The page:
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Don't Overlook Books!

By that I don’t mean just the ‘How to Research your Family History in Outer Mongolia’ genre.  They are, without doubt, very useful and have provided me with much essential information. However, I want to draw your attention to other, much less obvious, books where there are mines of information. Local histories and travelogues, books about sports teams and shipwrecks, particularly if they predate the internet, can contain the actual information you need and not just a reference to a website.

For over a year now I have been trawling through such books. The memoir that Sam McAughtry wrote his brother Mart who perished when the Kenbane Head was sunk, lists the entire crew by name, their role in the ship and where they came from. Many books about local sports teams contain not only the names of team members but photographs, as well. Local travelogues, harking back to the days of a ‘motoring’ trip, describe the road layout, pre motorways, and provide information about the land on either side of the road and the families who lived there. There are parish histories, more lists of names and photographs, this time of church organisations, clergy, church wardens and so forth. Local histories are absolute goldmines. My guess is that the authors realised that their readers wouldn’t be able to access the original records referred to in the books so added them on at the end as appendices.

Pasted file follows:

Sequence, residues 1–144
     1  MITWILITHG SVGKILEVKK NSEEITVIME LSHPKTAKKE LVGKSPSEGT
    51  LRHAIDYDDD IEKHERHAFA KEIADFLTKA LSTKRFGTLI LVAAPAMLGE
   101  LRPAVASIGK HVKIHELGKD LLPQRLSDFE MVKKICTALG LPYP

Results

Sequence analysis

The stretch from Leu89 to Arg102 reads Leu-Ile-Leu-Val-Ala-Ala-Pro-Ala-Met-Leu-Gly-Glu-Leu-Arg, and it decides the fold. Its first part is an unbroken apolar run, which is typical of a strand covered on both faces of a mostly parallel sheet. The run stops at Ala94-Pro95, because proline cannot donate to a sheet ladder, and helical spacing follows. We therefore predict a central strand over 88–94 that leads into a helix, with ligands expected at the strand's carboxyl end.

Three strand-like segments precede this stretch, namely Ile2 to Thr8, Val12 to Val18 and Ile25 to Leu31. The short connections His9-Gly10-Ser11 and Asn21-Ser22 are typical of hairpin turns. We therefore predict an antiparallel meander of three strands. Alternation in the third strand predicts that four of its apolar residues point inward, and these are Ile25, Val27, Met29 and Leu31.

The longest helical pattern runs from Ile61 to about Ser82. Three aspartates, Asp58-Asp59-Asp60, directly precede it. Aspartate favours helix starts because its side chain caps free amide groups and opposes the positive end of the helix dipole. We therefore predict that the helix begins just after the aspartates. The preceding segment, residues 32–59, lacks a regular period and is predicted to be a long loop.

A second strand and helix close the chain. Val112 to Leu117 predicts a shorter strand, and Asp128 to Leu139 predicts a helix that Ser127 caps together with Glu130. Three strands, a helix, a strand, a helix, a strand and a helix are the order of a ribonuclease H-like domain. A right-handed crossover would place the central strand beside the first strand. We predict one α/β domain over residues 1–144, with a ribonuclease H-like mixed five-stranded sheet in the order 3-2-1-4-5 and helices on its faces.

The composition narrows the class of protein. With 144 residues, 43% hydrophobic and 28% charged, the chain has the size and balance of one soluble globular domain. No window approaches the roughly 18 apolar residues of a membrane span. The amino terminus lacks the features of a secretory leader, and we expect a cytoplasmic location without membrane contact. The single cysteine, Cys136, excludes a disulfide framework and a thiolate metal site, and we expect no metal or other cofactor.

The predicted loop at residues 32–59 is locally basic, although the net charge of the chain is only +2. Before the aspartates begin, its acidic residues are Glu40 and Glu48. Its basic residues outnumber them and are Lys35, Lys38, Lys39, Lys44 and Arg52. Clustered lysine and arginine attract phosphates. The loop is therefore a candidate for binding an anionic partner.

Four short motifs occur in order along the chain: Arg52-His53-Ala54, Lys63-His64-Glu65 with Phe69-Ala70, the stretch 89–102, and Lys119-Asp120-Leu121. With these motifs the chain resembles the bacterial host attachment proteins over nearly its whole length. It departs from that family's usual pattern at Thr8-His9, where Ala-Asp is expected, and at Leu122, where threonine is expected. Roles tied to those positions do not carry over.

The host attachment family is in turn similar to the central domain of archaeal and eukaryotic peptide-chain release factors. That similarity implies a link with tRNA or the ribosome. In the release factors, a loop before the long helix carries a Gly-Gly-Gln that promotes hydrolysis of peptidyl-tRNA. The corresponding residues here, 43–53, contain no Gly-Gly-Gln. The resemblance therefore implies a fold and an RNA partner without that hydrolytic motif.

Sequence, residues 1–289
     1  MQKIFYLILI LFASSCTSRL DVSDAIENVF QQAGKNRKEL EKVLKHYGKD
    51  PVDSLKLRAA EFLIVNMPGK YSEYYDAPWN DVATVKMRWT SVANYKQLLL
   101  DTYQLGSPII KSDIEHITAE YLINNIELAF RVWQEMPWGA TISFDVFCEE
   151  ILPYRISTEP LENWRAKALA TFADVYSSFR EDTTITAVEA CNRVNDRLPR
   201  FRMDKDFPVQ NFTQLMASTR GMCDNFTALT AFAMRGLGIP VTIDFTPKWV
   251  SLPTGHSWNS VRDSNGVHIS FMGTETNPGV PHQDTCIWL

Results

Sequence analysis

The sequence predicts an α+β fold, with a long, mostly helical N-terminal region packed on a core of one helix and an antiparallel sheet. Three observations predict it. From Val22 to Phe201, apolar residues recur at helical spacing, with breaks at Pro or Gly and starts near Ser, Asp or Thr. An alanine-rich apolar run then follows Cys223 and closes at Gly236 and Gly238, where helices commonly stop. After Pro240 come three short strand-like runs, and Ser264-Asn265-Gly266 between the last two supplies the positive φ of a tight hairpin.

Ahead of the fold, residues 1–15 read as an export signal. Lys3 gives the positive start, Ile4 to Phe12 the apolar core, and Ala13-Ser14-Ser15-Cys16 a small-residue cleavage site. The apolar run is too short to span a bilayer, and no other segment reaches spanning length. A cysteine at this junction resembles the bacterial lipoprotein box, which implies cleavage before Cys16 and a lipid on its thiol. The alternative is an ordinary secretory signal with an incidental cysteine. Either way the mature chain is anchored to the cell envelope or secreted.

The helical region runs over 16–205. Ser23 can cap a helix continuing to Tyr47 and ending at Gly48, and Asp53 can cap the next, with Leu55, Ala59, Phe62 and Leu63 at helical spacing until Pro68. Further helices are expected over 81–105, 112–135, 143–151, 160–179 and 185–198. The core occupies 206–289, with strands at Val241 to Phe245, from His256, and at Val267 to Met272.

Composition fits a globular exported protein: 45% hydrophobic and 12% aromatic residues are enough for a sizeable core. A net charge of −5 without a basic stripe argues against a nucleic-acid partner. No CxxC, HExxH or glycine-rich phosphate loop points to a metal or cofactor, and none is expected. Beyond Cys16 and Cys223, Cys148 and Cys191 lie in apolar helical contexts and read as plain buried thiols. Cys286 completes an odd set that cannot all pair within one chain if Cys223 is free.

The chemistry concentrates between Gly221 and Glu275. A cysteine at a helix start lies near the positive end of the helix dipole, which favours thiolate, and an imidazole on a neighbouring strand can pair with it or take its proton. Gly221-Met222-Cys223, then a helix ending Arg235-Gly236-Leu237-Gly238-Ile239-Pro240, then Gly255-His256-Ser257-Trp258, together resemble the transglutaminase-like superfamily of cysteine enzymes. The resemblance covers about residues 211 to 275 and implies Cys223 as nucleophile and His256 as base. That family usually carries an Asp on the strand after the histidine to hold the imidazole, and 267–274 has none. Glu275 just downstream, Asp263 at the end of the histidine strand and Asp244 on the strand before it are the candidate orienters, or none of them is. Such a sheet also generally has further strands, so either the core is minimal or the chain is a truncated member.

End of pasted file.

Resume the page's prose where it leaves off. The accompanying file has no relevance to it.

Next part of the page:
I have started recording the appendices of one such book, Capt. Richard Linn’s ‘History of Banbridge’. There are lists of tenants on Solomon Whyte’s estate at Ballyvally in 1728 and again in 1771, and there’s a map. There is a list of residents in the Banbridge area who signed a petition in favour of Catholic emancipation in 1824 and a list of the Protestant housekeepers in 1740. There are 17 appendices in all to this book and you can find these on our 'Resources for Research' page.  WE are adding them as they are transcribed by members of our Transcriptions Team.

I have found so much information that completes the stories of my family members. My best, although tragic, find so far is an eyewitness account of the bombing of my granny’s cousin’s house during the 1941 Blitz. It was written at the time by a local Air Raid Warden and his story was included in a booklet about the area which was published nearly forty years later. There is more detail included than could be found anywhere else.

A short word of caution, if you do find anything and wish to publish, and remember that could be in your family tree online, or share your find, do remember to comply with copyright regulations.

Evelyn - FM22

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